As of 25 May 2018, all organisations must meet the new European Privacy Legislation. What new responsibilities does this entail for the Data Protection Authority?
With regard to the General Data Protection Regulation, the media mainly focused on the substantial increase in the competence of the privacy regulator to impose fines. This in itself is not so strange, considering that the fines may be increased significantly. Up to 20 million euros or 4% of the global annual turnover of a company. But there is more. The Data Protection Authority will, for instance, also be able to caution a company more easily than it can now. You may already be faced with a caution if, for example, your actions may violate the privacy rules. In the event of an actual breach, you may be reprimanded. Furthermore, in specific cases, the Data Protection Authority can ‘demand’ of companies that are in breach of the privacy legislation to ensure compliance with privacy rules, for instance, by deleting personal data.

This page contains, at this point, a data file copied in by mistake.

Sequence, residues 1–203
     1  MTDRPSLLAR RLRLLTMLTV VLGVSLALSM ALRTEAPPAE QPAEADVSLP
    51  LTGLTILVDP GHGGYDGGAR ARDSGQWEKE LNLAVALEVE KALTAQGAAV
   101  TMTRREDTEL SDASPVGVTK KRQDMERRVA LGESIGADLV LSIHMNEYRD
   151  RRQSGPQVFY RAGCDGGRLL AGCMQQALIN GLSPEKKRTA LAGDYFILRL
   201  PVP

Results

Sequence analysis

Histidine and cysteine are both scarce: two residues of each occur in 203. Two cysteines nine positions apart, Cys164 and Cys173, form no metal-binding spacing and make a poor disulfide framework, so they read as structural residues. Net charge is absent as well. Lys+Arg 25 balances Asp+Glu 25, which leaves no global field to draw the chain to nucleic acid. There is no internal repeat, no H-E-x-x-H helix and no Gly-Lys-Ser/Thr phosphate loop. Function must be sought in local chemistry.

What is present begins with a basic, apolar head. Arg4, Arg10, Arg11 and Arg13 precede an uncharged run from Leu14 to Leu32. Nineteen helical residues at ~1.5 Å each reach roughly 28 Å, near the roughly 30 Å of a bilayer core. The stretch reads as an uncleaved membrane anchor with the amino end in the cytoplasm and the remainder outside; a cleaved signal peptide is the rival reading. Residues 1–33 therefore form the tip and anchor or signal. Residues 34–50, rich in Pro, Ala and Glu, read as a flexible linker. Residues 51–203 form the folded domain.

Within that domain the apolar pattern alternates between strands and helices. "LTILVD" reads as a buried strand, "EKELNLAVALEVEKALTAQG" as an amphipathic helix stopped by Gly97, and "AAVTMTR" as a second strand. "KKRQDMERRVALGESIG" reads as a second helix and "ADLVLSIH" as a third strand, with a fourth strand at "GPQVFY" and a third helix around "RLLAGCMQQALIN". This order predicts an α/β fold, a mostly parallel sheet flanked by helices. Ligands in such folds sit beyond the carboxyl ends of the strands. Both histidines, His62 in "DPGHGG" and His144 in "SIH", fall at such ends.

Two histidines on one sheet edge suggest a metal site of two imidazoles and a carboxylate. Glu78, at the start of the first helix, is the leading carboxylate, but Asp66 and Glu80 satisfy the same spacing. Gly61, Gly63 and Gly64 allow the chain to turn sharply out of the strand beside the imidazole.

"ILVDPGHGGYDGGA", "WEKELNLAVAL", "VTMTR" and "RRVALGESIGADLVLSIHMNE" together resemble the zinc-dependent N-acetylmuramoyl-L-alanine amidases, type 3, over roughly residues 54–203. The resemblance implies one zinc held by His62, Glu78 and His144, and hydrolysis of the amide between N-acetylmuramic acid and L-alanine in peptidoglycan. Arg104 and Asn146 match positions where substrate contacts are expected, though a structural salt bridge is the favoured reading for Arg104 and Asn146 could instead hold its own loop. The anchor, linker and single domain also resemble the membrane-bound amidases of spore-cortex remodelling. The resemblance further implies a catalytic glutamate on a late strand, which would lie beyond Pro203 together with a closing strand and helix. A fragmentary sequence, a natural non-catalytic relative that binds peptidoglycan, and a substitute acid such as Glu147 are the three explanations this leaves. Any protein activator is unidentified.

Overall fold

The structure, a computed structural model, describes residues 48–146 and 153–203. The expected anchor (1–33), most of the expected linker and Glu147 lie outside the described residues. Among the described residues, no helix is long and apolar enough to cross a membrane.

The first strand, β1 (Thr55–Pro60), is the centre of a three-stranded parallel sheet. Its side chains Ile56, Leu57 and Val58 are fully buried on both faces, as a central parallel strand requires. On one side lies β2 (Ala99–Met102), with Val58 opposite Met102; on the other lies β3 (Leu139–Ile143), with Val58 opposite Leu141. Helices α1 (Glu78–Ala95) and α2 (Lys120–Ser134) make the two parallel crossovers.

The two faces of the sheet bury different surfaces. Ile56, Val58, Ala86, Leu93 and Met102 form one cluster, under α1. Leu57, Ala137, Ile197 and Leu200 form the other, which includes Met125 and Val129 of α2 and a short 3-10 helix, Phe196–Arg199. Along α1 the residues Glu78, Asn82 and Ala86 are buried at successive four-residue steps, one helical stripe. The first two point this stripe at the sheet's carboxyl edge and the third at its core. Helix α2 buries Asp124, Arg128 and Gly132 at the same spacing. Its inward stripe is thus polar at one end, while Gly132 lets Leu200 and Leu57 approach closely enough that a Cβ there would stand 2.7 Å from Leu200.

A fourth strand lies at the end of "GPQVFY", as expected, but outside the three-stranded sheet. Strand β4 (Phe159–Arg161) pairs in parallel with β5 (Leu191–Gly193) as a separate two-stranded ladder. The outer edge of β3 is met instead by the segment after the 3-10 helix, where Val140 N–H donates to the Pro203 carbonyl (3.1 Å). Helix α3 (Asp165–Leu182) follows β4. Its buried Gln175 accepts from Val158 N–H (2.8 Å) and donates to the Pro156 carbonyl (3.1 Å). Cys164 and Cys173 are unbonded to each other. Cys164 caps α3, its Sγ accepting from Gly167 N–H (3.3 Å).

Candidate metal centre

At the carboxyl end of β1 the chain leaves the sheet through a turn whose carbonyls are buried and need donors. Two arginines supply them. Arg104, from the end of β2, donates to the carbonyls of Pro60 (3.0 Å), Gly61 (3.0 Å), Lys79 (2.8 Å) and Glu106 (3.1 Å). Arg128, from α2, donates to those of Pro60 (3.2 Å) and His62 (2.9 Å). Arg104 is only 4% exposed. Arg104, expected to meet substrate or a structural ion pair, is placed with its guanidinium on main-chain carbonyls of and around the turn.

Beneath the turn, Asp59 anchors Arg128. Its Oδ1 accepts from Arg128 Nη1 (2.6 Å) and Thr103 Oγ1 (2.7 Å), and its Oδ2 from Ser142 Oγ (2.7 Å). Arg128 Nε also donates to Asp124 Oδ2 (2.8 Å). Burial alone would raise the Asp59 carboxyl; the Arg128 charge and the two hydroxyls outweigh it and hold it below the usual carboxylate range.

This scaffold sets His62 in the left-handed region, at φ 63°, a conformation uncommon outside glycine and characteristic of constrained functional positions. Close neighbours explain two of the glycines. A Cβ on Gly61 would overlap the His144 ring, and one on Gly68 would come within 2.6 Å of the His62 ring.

Not all of these enforcement options are entirely new, however, everything is magnified and there is also a strong focus on mutual cooperation between the European Data Protection Authorities. Therefore, it is wise to carefully go through the extensive list of investigative powers and corrective measures stipulated in the European Privacy Legislation. It is expected that the risk of violating privacy rules will only increase. For a large part, this will be due to the increased use of data. The complexity of the strict privacy rules can also contribute to this. Good advice can help you avoid major problems. This also applies to the prevention of reputational damage or privacy claims by stakeholders and others. For your questions about the European Privacy Legislation, please contact the Van Doorne Privacy Team.
We also kindly invite you to our Breakfast Seminar on de GDPR on 23 November 2016.